Neurophysiological functioning of occasional and heavy cannabis users during THC intoxication.

Theunissen EL, Kauert GF, Toennes SW, Moeller MR, Sambeth A, Blanchard MM, Ramaekers JG - Psychopharmacology (Berl.) (2012)

Grand average ERP showing P100 at Oz for targets in the DAT. The upper panel shows ERPs of experienced users, while the lower panel shows that of occasional users
© Copyright Policy
Related In: Results  -  Collection

Show All Figures
getmorefigures.php?uid=PMC3285765&req=5

Fig1: Grand average ERP showing P100 at Oz for targets in the DAT. The upper panel shows ERPs of experienced users, while the lower panel shows that of occasional users
Mentions: P100 ERP analysis included 11 heavy users and 10 occasional users in the THC condition and all subjects in the placebo condition. Mean (SE) values of the ERPs from the DAT are given in Table 4. ERP P100 amplitude demonstrated a significant effect of stimulus (F1,83 = 6.956, p = 0.01) and THC × cannabis use history interaction (F1,83 = 7.877, p = 0.006). This interaction indicated that the occasional users showed a decrease in P100 amplitude when under the influence of THC, while in the heavy users, P100 increased when given THC compared to placebo (see Figs. 1 and 2). Separate paired-sample t tests showed that the decrease in P100 in occasional users after THC was significantly different from placebo (t(19) = −2,74, p = 0.013), while the increase in heavy users was not (t(21) = 1,74, p = 0.096). No effects were found for P100 latency in the DAT.Table 4

Bottom Line: P300 amplitude in the DAT was significantly decreased by THC in both groups.The N200 peak in the SST was not affected by treatment in neither of the groups.Performance in the SST was impaired in both groups after THC treatment, whereas performance in the DAT was impaired by THC only in the occasional users group.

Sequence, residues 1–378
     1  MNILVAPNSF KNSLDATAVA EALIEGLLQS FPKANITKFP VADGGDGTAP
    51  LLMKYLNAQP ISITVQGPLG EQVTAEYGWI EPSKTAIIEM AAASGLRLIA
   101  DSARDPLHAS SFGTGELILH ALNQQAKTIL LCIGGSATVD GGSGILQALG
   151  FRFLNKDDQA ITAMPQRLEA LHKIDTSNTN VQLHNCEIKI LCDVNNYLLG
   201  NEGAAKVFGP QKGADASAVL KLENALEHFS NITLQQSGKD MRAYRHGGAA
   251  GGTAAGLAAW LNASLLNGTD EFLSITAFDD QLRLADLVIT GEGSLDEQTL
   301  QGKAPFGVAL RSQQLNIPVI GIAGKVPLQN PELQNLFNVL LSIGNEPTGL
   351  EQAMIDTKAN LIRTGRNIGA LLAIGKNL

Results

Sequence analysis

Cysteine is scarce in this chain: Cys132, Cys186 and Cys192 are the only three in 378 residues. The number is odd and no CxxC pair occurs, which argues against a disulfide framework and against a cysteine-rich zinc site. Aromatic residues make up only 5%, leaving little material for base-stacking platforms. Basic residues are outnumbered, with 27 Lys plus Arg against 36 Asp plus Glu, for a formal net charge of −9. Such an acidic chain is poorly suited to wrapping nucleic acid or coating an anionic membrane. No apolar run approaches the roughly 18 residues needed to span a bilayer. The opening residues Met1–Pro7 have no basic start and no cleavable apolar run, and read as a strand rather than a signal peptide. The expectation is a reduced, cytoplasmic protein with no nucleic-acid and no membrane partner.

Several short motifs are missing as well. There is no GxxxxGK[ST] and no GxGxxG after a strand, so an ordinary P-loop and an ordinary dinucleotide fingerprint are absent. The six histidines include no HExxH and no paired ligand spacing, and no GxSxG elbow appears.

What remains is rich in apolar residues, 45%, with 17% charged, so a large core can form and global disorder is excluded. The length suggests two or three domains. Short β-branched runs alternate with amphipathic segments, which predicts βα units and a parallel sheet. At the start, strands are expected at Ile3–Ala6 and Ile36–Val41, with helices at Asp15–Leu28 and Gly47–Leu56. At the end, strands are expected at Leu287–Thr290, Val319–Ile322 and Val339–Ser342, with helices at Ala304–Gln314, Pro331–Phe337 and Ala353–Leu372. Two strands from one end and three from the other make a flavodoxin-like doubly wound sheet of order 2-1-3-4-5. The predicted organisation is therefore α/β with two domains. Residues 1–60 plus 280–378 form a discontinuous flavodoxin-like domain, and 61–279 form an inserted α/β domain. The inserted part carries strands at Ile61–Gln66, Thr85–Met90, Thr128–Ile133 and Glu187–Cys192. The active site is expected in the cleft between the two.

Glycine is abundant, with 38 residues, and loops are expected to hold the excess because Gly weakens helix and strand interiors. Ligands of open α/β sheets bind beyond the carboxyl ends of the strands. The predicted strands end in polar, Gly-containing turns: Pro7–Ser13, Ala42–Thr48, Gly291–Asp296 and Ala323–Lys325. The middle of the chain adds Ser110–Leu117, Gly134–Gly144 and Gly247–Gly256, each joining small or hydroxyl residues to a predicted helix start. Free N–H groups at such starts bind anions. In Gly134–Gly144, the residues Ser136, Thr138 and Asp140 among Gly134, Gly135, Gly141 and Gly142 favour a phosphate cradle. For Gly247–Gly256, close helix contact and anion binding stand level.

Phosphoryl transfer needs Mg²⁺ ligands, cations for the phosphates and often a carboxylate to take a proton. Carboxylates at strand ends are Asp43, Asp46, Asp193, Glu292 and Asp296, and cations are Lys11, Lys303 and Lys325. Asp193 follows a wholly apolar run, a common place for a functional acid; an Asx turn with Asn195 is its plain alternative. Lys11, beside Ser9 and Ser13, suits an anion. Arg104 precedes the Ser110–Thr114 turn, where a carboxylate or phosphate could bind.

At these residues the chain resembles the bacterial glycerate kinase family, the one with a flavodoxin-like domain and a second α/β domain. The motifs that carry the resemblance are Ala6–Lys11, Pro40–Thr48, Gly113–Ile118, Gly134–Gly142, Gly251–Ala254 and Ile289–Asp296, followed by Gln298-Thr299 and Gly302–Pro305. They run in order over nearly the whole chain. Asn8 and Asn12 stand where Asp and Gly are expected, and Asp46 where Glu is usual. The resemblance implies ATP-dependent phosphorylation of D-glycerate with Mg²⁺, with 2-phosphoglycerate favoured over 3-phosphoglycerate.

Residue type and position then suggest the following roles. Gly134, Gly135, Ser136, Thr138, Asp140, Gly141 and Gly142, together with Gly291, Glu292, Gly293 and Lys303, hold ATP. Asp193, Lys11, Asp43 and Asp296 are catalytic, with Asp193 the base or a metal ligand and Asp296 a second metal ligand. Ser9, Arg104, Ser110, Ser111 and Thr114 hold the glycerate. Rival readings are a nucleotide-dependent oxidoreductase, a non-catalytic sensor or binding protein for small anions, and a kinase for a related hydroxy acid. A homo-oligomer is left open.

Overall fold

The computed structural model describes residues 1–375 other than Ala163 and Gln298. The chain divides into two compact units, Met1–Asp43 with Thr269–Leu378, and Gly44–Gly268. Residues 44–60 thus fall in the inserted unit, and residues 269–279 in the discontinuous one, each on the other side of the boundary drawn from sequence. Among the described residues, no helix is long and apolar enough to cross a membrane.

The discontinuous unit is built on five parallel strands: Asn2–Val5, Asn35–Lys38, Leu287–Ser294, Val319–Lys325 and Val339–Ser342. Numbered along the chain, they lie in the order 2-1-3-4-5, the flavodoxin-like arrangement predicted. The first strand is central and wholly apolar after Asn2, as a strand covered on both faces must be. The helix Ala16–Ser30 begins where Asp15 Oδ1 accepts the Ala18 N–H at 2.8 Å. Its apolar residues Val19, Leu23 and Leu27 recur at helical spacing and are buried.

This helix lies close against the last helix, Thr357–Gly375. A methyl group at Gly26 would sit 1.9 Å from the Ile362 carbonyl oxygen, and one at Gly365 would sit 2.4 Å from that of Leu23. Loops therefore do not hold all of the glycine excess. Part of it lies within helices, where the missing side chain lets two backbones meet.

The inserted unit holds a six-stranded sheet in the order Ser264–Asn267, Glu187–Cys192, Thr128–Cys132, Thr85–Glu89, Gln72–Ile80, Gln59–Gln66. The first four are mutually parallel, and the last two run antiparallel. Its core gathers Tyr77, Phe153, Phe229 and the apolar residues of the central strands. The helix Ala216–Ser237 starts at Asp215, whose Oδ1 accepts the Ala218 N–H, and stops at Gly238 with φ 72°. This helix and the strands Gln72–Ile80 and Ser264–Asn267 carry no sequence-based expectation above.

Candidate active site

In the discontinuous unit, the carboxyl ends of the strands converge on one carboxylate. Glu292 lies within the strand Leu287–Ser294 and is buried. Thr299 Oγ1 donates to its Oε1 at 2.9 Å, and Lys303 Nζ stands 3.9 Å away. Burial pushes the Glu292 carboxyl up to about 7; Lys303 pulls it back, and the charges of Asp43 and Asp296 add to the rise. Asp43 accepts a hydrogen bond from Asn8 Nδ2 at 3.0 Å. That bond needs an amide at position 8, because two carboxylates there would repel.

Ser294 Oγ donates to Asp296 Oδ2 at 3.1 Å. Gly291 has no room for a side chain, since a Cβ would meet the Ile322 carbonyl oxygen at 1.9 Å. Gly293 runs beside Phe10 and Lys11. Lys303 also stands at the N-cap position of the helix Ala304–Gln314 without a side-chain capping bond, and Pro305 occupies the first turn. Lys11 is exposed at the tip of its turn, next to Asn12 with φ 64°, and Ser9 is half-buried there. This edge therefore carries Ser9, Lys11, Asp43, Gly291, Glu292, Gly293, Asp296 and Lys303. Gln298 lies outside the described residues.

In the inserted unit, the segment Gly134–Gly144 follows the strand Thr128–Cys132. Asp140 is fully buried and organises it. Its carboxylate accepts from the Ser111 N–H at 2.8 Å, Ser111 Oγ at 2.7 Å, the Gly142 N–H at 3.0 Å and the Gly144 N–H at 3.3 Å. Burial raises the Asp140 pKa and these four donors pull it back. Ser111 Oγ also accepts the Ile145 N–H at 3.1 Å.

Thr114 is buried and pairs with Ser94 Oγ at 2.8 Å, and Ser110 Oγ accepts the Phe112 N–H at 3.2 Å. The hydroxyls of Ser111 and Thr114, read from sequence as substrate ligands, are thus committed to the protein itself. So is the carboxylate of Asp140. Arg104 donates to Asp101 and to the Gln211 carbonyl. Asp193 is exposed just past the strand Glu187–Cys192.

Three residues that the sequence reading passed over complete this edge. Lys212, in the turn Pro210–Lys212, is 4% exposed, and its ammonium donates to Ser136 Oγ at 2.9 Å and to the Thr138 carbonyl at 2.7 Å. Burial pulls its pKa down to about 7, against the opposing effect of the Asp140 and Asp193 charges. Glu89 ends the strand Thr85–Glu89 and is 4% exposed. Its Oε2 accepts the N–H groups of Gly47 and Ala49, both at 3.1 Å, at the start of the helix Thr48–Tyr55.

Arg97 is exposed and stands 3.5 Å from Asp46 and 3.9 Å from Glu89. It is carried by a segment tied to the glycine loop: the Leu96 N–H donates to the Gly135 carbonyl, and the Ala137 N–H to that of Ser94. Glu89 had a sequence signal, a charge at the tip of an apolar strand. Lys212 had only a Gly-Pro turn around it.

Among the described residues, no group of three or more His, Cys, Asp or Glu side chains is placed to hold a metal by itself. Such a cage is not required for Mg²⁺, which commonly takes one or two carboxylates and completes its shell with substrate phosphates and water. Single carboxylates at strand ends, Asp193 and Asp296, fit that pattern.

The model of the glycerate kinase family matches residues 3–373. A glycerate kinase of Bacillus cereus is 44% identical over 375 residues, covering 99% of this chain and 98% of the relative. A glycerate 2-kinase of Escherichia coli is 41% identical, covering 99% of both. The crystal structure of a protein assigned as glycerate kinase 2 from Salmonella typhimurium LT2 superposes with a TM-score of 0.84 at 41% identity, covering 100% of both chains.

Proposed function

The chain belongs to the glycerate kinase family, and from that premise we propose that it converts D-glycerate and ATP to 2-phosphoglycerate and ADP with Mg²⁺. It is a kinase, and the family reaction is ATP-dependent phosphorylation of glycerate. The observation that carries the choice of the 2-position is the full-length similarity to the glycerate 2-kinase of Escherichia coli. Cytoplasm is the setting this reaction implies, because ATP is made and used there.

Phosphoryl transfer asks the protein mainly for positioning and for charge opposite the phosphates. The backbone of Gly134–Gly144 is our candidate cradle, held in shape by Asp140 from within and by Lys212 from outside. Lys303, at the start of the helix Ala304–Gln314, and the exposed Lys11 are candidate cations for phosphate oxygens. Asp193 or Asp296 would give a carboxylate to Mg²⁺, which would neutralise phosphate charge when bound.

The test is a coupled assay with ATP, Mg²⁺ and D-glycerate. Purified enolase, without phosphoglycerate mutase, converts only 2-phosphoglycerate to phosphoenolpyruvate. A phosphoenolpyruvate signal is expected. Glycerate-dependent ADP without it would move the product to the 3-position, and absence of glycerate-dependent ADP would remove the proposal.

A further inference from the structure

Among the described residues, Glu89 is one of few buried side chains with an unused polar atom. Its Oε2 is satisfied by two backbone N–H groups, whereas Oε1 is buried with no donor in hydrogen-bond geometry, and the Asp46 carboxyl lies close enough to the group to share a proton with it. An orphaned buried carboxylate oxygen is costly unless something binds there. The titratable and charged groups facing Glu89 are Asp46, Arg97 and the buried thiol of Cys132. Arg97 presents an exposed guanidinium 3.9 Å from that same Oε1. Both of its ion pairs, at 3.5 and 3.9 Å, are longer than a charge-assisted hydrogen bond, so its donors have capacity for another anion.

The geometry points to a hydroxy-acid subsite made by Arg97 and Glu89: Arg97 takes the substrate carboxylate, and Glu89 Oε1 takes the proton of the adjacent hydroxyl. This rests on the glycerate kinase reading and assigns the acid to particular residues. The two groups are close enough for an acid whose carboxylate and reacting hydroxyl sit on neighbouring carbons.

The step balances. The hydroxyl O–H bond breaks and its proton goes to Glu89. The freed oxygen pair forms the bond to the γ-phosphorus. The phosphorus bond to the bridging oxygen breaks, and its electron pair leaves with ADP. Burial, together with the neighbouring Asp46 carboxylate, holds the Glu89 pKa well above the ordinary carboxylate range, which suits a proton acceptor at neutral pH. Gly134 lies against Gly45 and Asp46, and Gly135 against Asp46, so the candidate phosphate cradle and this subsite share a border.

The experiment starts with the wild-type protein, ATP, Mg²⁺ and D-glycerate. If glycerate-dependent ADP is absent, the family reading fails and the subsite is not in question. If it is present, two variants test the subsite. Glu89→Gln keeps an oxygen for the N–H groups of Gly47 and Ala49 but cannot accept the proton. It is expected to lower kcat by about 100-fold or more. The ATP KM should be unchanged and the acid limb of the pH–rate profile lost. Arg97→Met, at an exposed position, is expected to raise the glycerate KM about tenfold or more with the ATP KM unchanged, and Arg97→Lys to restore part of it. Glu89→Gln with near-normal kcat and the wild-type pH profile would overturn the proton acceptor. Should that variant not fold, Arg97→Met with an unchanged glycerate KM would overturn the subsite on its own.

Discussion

View Article: PubMed Central - PubMed

Affiliation: Department of Neuropsychology and Psychopharmacology, Faculty of Psychology and Neuroscience, Maastricht University, P.O. Box 616, 6200MD Maastricht, The Netherlands. e.theunissen@maastrichtuniversity.nl

ABSTRACT

Rationale: Experienced cannabis users demonstrate tolerance to some of the impairing acute effects of cannabis.

Objectives: The present study investigates whether event-related potentials (ERPs) differ between occasional and heavy cannabis users after acute Δ9-tetrahydrocannabinol (THC) administration, as a result of tolerance.

Methods: Twelve occasional and 12 heavy cannabis users participated in a double-blind, placebo-controlled, crossover study. On two separate days, they smoked a joint containing 0 or 500 μg/kg body weight THC. ERPs were measured while subjects performed a divided attention task (DAT) and stop signal task (SST).

Results: In the DAT, THC significantly decreased P100 amplitude in occasional but not in heavy cannabis users. P300 amplitude in the DAT was significantly decreased by THC in both groups. The N200 peak in the SST was not affected by treatment in neither of the groups. Performance in the SST was impaired in both groups after THC treatment, whereas performance in the DAT was impaired by THC only in the occasional users group.

Conclusions: The present study confirms that heavy cannabis users develop tolerance to some of the impairing behavioral effects of cannabis. This tolerance was also evident in the underlying ERPs, suggesting that tolerance demonstrated on performance level is not (completely) due to behavioral compensation.

Show MeSH
Related in: MedlinePlus